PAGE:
Unlike zoologists, botanists aren't quite as hung up on whether "good" species (i.e. "real" species) need to be completely reproductively isolated from each other. In other words, two groups of organisms can be valid species based on genetics, or ecological factors, and yet (oops, I had this wrong in the previous draft) hybridize to produce fertile offspring. Often the hybridization comes as a secondary thing, and more often these days, from human disturbance that makes some sort of bridge that brings formerly isolated species together.
When I bought my house in 2005, the sellers had put in a nice little front garden, and landscaped it with xeriscaping species. The plants have largely performed as advertised, I don't water it much, and it looks nice. They planted three kinds of Penstemon, and those have really done well. So much so that I have my own hybrid zone, where parental species, as well as intermediates can be seen.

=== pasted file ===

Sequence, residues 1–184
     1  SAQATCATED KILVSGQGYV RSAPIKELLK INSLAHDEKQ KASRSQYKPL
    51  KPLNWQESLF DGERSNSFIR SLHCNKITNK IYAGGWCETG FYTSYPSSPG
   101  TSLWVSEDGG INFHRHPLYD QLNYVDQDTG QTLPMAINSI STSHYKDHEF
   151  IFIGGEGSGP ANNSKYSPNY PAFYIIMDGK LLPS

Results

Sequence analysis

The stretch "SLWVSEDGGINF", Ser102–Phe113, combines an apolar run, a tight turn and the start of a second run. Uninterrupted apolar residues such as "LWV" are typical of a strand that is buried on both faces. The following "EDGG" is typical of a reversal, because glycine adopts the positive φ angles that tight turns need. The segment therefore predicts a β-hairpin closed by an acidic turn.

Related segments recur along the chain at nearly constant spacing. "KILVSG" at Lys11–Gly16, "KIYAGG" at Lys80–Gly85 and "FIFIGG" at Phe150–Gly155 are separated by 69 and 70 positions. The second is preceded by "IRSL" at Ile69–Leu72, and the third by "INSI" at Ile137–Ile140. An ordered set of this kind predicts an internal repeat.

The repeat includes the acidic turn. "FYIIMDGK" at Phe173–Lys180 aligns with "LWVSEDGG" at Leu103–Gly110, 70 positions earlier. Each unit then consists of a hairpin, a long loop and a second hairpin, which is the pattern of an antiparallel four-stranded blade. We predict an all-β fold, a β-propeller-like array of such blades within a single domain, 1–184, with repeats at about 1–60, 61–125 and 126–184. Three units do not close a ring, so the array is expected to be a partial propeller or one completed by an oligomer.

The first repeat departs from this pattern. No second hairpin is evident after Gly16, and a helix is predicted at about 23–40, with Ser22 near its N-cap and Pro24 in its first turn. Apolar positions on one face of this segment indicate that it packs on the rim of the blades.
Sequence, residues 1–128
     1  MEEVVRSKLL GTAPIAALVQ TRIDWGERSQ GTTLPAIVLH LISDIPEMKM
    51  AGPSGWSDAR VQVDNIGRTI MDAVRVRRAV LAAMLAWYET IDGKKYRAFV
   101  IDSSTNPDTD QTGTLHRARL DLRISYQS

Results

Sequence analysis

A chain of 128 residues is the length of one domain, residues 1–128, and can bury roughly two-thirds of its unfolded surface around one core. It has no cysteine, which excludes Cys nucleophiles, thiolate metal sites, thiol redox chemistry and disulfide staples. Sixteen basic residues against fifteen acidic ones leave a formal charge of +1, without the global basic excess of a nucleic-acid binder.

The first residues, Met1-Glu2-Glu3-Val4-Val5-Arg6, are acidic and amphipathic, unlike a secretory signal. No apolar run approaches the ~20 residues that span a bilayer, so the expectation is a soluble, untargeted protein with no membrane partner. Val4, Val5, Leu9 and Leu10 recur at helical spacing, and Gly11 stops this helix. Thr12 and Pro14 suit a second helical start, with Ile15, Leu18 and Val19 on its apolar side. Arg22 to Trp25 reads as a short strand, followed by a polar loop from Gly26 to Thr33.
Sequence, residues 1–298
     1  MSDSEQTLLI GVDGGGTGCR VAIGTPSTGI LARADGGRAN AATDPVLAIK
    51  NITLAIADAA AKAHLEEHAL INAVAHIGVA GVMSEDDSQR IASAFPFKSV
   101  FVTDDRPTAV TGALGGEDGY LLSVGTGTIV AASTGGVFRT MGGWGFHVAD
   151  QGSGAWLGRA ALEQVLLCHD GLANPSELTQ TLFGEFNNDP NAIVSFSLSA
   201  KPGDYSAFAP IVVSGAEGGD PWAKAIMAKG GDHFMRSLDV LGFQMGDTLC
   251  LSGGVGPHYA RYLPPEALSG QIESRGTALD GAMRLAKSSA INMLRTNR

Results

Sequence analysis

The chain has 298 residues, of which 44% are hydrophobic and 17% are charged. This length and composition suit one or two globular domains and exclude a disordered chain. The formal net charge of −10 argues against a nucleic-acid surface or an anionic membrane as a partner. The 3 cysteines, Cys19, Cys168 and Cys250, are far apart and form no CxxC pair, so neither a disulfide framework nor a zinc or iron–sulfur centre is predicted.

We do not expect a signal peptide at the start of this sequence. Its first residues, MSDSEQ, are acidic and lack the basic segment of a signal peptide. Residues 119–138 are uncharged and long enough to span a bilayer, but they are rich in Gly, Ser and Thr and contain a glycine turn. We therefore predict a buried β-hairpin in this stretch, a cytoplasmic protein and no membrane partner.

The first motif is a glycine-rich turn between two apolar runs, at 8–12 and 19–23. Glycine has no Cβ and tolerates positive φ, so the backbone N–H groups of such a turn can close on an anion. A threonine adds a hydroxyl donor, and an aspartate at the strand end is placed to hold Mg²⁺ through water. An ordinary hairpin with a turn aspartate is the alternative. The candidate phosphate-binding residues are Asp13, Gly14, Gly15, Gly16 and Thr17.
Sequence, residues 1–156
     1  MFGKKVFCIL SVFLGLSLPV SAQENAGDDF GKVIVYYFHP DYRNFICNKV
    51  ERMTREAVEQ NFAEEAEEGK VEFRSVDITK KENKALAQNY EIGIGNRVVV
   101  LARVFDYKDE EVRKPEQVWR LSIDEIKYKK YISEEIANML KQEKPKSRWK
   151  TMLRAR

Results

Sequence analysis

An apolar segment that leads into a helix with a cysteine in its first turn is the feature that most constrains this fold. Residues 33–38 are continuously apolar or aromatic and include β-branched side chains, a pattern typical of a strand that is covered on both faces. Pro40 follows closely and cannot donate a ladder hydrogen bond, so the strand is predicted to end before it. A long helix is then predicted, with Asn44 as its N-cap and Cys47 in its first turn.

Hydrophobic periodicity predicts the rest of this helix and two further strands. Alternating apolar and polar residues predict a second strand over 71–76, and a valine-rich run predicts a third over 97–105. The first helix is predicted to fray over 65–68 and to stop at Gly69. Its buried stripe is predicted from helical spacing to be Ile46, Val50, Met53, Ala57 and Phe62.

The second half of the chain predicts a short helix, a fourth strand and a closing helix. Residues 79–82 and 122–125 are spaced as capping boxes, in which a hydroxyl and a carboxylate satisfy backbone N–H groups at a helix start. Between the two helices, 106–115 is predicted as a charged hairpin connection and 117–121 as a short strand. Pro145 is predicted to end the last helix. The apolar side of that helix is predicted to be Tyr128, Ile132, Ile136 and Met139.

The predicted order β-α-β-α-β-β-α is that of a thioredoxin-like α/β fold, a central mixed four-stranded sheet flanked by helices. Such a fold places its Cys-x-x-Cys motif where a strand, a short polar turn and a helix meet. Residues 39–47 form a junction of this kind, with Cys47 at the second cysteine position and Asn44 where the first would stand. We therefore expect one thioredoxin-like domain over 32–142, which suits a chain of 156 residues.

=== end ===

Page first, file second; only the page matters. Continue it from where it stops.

My camera, sadly, is at my brother's house in MN, so I can't take a picture, but these pictures, from the fabulous Wayne's Word website give you the idea. Notice how F1s (that's "first filial generation, or the first hybrid offspring of pure parents) are a nice 50:50 split. It's not always that clean, but gives bumbling scientists a clue that hybridization is occurring. Then, as hybrids cross with hybrids, and hybrids backcross to parents ("BCs"), you can get a wide variety of forms, and presumably different abilities to adapt to environmental conditions.
How do these biological mix ups occur? Well, you can blame it on the pollinators, who work a patch of flowers and end up transferring pollen between species. That's exactly how it looks in my garden, where there are plants with blue flowers, and pink flowers (who, of course aren't going to change, as they are perennials), and then the intermediate flowers have combinations of blue and pink. Maybe I'll get a cool new Penstemon variety I can propagate.
Happy Father's Day to all the dads out there!!